Pantone Stool

In 2004 Edward Barber & Jay Osgerby received a call from Kara Tobin from the International Contemporary Furniture Fair in New York, asking if they would be interested in designing the furniture for the central meeting space in the exhibition. The sponsor for this area was the colour reference company, Pantone. Having known that colour would therefore be an important ingredient in their proposal, whilst looking through their colour books, Barber & Osgerby wondered how they could use colour in an interesting way, and jumped to a rather obvious conclusion. Why not take the iconic Pantone colour chip and literally turn it into a piece of furniture?

  • Year / 2005
  • Manufacturer / Isokon Plus / ICFF

There were some plywood Flight stools in the studio designed many years before. Barber & Osgerby realised that their flat panel sides were, conveniently, of similar proportions to the colour chips. Painting the sides was really effective. They chose a range of six colours in eight different shades and made two of each, totalling 96 stools. The stools were made and spray-painted at Isokon Plus and the text was screen printed onto the white panel afterwards in dark grey.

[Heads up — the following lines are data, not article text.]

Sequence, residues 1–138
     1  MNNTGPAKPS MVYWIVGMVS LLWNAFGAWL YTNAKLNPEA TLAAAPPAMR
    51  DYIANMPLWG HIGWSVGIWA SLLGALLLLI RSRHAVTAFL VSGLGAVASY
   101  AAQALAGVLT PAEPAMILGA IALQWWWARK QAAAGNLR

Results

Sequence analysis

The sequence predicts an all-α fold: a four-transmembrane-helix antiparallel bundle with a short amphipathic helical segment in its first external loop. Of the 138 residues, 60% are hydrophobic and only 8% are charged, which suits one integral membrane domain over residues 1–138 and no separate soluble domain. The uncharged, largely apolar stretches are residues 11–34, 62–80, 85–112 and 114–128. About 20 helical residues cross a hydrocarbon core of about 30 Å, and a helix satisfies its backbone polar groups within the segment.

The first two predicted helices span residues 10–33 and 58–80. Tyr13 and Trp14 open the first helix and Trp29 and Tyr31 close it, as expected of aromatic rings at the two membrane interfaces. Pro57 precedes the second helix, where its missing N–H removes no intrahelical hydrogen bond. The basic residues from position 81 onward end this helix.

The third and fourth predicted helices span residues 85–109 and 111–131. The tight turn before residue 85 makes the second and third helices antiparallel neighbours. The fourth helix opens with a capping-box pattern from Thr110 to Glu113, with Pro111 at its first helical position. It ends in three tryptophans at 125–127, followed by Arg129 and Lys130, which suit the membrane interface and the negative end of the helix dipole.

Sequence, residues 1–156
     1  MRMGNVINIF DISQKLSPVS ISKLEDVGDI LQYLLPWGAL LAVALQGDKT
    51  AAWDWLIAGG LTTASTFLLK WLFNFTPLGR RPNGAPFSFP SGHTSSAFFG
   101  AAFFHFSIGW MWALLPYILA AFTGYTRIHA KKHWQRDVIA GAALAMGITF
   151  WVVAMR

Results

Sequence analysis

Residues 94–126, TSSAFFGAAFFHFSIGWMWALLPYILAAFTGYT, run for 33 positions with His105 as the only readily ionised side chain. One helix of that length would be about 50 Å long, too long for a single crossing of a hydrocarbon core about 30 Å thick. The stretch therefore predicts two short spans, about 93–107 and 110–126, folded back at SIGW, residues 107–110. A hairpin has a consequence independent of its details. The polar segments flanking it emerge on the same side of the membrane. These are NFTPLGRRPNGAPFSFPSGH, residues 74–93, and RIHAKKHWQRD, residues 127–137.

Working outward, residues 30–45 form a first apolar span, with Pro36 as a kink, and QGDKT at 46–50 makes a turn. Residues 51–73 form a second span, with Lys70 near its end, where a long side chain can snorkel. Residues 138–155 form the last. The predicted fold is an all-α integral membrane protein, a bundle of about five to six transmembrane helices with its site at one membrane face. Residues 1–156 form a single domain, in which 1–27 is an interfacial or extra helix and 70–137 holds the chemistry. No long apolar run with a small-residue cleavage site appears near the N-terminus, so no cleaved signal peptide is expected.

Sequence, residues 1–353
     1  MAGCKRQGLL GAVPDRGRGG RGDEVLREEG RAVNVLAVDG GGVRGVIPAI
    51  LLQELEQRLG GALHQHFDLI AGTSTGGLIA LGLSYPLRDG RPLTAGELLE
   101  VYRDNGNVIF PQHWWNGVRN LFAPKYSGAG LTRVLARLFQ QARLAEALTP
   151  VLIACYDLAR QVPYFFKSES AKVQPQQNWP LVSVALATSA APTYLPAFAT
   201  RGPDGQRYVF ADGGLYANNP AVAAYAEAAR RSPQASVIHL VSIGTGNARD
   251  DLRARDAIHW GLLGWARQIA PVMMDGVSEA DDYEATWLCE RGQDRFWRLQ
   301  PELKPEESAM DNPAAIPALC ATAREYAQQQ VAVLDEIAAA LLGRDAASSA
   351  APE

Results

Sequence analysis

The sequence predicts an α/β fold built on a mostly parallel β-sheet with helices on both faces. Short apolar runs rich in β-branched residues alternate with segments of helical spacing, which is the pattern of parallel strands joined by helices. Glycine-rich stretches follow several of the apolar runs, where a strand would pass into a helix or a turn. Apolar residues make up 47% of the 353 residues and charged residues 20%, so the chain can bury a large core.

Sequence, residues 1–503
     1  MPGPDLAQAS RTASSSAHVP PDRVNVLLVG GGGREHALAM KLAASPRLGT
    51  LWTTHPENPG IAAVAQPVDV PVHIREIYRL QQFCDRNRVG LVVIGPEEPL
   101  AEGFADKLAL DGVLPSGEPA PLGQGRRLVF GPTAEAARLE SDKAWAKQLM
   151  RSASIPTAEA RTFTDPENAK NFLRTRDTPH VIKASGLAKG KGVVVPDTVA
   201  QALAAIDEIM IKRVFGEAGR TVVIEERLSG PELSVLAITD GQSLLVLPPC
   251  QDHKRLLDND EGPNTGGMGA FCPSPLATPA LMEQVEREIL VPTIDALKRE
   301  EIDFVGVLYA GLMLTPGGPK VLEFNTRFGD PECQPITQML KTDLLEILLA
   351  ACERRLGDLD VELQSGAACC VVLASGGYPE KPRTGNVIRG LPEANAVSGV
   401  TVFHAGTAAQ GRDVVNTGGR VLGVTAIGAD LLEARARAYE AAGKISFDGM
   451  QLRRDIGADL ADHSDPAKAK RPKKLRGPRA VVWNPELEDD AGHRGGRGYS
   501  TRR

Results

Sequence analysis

The stools were shipped to the US and arranged at the fair in runs against long black tables. Each table had a specific colour-run of stools that faded from dark to light along its length. At the start of the week they looked exactly like a three-dimensional colour chart, but as the days went by, the stools migrated to other tables as people moved them around. The stools were a great success and it was decided to ship them back to London and sell them at an exhibition at the appropriately named Blue Gallery in Clerkenwell. The stools were arranged on the walls, this time breaking up and mixing the colour runs as learnt from New York. The show was titled ‘Colour by Numbers’ and the stools sold out in two days. This was Edward and Jay’s first venture into colour composition and sowed the seed for further experimentation.